How Apple's Tim Cook Explained Away Poor iPad Sales

During Apple's Q4 2014 earnings report, Tim Cook was asked by Steve Milunovich with UBS about his views on the iPad sales of 12.31 million, the second (non-holiday) quarter of declining sales. Here's how Mr. Cook responded.

I know that there's a lot of negative commentary in the markets on this, but I have a little different perspective on it.... Instead of looking at this thing each 90 days, if you back up and look at it, we've sold 237 million in just over four years. That's about twice the number of iPhones we sold over the first four years of iPhone....


To me, I view it as a speed bump, not as a [... long pause ...] huge issue. That said, we want to grow. We don't like negative numbers... Looking further in the data, I know that there's a popular view that the market is saturated. But we don't see that. I do look at our data deeply.

iPad Air 2. Image Credit: Apple

Mr. Cook cited the latest market research data he had from the June quarter.

In the top six [iPad] revenue countries, the country that sold the lowest percentage of iPads to people had never bought an iPad before, that number is 50 percent. And the range goes from 50 to over 70 [percent]. So when I look at first time buyer rates in that area... that's not a saturated market.

What you do see is that people hold onto their iPad longer than they do a phone. And because we've only been in this business four years, we don't really know what the upgrade cycle will be for people. And so that's a difficult thing to call....

I see catalysts going forward. There are obvious cannibalizations things that are occurring.... I'm fine with that. But over the long arc of time, my own judgment is that iPad has a great future. How the individual 90 day [sales] work out, I don't know. But I'm very bullish on where we can take iPad over time, and so we're continuing to invest in the product pipeline.

The most important thing to learn here is that Apple's Tim Cook looks at the iPad sales data closely. He sizes up the situation, and as much as he can in public, explains what he thinks is going on. Internal decisions will be affected. That's a far cry from a simpleton response: "The iPad is dead."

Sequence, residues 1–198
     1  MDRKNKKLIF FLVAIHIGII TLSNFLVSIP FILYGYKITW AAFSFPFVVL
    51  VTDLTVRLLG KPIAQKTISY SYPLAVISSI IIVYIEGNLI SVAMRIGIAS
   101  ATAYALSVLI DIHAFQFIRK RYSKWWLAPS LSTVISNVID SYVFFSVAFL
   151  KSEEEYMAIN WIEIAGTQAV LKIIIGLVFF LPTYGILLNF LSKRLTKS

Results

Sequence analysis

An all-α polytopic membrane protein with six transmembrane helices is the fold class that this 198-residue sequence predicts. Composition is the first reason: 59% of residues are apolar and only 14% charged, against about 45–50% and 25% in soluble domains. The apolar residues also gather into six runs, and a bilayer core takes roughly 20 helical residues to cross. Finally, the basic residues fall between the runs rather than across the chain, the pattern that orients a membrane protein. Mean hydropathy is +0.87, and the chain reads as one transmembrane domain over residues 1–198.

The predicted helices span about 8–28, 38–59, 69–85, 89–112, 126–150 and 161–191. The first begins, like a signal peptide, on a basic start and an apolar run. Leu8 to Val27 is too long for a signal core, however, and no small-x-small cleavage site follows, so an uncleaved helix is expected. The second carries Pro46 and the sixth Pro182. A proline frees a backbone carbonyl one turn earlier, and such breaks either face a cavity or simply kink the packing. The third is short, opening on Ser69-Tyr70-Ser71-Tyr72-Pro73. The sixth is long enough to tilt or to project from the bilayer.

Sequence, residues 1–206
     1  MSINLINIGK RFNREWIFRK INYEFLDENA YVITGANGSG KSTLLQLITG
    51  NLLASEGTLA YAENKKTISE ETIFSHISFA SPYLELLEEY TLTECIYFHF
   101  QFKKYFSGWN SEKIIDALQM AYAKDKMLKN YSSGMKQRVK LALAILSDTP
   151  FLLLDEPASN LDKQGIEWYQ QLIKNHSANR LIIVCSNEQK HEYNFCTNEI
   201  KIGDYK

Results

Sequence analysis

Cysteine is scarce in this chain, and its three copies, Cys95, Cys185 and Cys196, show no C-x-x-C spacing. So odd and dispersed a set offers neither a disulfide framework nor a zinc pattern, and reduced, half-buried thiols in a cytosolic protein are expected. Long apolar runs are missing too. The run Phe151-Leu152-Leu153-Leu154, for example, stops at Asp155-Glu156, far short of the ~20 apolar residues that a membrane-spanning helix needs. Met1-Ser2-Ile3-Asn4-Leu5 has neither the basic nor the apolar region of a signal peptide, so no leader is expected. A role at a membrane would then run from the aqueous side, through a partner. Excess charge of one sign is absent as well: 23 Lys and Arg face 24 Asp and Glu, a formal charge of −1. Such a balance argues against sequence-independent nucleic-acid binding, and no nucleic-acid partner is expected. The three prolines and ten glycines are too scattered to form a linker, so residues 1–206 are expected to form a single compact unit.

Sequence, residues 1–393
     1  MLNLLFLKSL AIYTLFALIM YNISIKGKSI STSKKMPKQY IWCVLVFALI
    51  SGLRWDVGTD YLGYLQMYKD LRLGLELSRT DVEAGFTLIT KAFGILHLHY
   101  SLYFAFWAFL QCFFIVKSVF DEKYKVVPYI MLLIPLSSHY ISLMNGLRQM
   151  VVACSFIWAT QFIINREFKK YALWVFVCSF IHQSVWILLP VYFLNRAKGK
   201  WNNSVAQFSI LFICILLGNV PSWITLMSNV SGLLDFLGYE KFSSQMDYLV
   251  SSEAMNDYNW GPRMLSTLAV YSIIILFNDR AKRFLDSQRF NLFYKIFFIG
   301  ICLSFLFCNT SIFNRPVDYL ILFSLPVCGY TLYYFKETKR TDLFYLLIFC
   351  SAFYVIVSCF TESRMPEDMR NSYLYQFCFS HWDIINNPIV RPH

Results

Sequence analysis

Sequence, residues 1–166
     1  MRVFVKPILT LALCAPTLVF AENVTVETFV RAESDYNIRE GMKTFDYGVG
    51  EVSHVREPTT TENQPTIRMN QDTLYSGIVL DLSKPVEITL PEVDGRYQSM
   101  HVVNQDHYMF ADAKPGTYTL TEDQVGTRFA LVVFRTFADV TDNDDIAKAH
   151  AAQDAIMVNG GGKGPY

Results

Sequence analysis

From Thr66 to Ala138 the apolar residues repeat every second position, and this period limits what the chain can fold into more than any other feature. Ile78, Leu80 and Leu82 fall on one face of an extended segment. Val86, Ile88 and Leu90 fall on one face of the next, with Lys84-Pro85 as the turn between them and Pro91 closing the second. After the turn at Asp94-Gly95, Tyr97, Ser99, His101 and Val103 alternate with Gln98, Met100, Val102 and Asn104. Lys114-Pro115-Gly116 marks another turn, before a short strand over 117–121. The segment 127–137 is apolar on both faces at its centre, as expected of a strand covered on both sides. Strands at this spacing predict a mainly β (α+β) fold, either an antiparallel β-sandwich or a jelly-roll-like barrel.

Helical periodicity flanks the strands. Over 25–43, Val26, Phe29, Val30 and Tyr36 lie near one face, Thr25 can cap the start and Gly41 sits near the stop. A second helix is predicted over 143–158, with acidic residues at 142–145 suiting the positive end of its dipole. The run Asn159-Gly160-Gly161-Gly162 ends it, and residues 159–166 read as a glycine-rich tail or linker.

Some Observations

  • Apple probably has a better handle on the upgrade cycle than Mr. Cook admitted. New, compelling features get customers to upgrade. Mr. Cook glossed over that, especially with respect to the iPad mini 3.
  • A new, larger size iPad could give people a reason to upgrade.
  • The percentage of customers with an iPad 2,3,4 is substantial, and the sales of iPad Air 2 can be expected to account for substantial sales over the next four quarters.
  • Mr. Cook is right about the longterm prospects of the iPad, but the record setting sales of the Mac this quarter will likely prevent any kind of 2-in-1 design. Mr Cook also said, "The back to school season voted; the Mac won." And so, I look for more aggressive development of the iPad, not a toaster-fridge.
  • The current iPad upgrade cycle is based on a lot of factors. The economy. The current iPad/iPad mini mix.  Hand-me-down notions. The popularity of the iPhone 6 Plus phablet. The breaking-in of Apple Pay on the Internet. The leaks about new iPads causing a stall in sales.  In the end, as Mr. Cook said early in the earnings call, "We're selling everything we make." The fact is, product line mixtures have an ebb and flow.

There will be some people who want the iPad to fail and will grasp at any straw to support that thesis. But with Apple reporting stunning revenues, the specifics of the product mix don't look like game changing prospects for analysis. If anything, however, this all may just give the iPad technology a renewed push, and then the numbers for the product mix could very well swing back.

The real question to ask is whether Apple shoppers are delighted with what Apple is offering now. The overall sales numbers say they are.